An Overview of Remote Atmospheric Monitoring

by | Apr 6, 2020

An Overview of Remote Atmospheric Monitoring

by Apr 6, 2020

Data from the TROPOMI device illustrating the patterns of sulfur dioxide spread in Norilsk, Russia. Topography and wind speed as illustrated in the data overlay, have significant impacts of the spread of polluted air. Source: Jonathan Amos, BBC.

By Ben Moose, Gasp Intern

What is remote atmospheric monitoring?

Remote atmospheric monitoring, when used for air quality monitoring purposes, is the use of satellites and satellite instruments to determine the concentration of pollutants and other air quality indicators present in the atmosphere. One leading organization in the field of satellite air quality detection is the Copernicus Atmosphere Monitoring Service (CAMS). CAMS uses atmospheric computer-based models, along with satellite data and surface-based sensor data, to develop maps and measurements of global air quality. In order to collect satellite data, CAMS uses TROPOMI (Tropospheric Monitoring Instrument), a device on the Sentinel – 5P satellite which collects information about multiple air quality indicators and their atmospheric concentrations at an unprecedented resolution.


What are the advantages and disadvantages of remote air quality monitoring when compared to direct detection?

Accuracy – Although not as locally accurate as a surface-level air monitoring device such as those installed by the EPA around the country, TROPOMI can measure some air quality indicators such as sulfur dioxide at a 3.5km x 7km resolution, allowing for not just national, but regional and local air quality to be measured. This level of accuracy enables the detection of specific areas in which air quality issues need to be addressed. For example, TROPOMI data from Norilsk, Russia is shown in this image, illustrating the capability of the Sentinel – 5P satellite in terms of local air quality observation.

Cost – Although expensive to develop the equipment on the Sentinel – 5P satellite, TROPOMI allows for global atmospheric monitoring. On the other hand, EPA – installed local monitors can cost upwards of $10,000 just for sensors detecting one indicator, and can only gather data from a fixed location. Because of this cost difference, remote monitoring is the most efficient and practical method of gathering air quality data for most of the country and world, with a likely exception being urban areas with highly variable air quality based on specific location, time, or season.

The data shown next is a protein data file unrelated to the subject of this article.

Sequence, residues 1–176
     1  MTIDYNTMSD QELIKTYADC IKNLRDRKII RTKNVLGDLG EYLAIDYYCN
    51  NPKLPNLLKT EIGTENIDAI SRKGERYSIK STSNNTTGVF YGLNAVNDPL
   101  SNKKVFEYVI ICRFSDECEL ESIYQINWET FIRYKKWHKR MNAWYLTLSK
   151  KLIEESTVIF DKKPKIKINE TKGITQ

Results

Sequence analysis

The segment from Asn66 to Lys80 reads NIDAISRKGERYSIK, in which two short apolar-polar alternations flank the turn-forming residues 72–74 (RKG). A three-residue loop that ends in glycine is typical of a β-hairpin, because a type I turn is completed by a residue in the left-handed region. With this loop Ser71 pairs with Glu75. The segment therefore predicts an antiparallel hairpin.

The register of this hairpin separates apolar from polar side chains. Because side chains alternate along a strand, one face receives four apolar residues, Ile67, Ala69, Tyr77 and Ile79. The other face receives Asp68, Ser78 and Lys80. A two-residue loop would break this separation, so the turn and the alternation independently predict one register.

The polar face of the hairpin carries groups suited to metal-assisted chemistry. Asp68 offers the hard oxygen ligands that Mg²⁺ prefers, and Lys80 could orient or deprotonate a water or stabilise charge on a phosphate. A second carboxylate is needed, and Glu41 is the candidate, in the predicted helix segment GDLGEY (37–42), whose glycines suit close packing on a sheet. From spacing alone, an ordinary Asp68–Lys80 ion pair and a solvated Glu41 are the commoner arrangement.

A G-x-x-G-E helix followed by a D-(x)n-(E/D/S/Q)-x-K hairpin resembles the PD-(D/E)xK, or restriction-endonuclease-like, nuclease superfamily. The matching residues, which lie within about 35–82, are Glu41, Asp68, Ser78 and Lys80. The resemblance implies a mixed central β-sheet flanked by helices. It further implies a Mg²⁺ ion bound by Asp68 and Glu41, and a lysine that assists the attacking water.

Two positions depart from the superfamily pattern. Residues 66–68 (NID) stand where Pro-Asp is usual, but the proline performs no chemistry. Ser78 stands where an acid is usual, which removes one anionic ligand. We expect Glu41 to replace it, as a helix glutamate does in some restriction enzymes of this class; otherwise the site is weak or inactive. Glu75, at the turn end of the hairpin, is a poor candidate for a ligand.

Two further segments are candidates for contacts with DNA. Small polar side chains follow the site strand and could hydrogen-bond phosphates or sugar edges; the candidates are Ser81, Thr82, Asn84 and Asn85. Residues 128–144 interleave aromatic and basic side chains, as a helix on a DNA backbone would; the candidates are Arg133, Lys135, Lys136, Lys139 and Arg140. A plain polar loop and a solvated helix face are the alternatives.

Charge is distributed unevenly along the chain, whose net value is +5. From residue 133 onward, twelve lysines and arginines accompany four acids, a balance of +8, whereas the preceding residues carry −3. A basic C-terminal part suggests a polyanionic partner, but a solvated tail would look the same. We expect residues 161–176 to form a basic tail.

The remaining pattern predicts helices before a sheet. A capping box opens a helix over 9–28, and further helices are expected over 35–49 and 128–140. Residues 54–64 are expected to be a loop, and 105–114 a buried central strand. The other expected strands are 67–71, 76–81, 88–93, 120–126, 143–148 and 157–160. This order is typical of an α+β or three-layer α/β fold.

Reliability – Many surface-based air quality monitoring sites do not regularly measure some air quality indicators. For example, the EPA network of sensors includes multiple devices in the Birmingham metropolitan area, but the most recent data points for many indicators such as sulfur dioxide are months in the past, so current air quality data is difficult to obtain. On the other hand, the Sentinel – 5P satellite, for example, is capable of measuring air quality data once every 24 hours for a given location, providing more recent data which is likely more accurate and useful for residents and organizations.

What services can use data from remote atmospheric monitoring systems?

The data gathered by TROPOMI and analyzed by CAMS is used to allow weather applications and services (such as the Weather Channel app) to provide local air quality information, either through combination with existing surface measurements or using satellite data alone. Remote atmospheric monitoring allows these applications to display up-to-date information on a variety of different air quality indicators that affect air quality indices, such as sulfur dioxide, ozone, and nitrogen dioxide.

Helpful resources

  • Charts showing current air quality overlayed onto a visualization of the Earth. The data in these charts is obtained from the Sentinel-5P satellite and TROPOMI device.
  • A page of TROPOMI’s website that gives an overview of the different indicators measured by the device, as well as links to data from the satellite and a more in-depth description of the measurement of each indicator.
  • A BBC article describing the use of the Sentinel – 5P satellite to gather air quality data including an estimation of production of sulfur dioxide in Norilsk, Russia. The article provides examples of visualizations using TROPOMI data.
  • A map of EPA air quality monitors with data about functionality and measurements, as well as the different types of indicators that each sensor measures.
  • A World Meteorological Organization webpage that describes the methods in which the TROPOMI device measures different indicators of air quality, as well as the limitations of these measurements.
  • A PDF file of the TROPOMI brochure with information about its measurement methods, construction, and functions.



Header Image: PhysicsWorld, Photo credit: ESA/ATG medialab. 

About The GASP Team
Gasp is a nonprofit health advocacy organization based in Birmingham, Ala. Our mission is to reduce air pollution, to educate the public on the health risks associated with dirty air, and to encourage community leaders to serve as role models for clean air and clean energy production.
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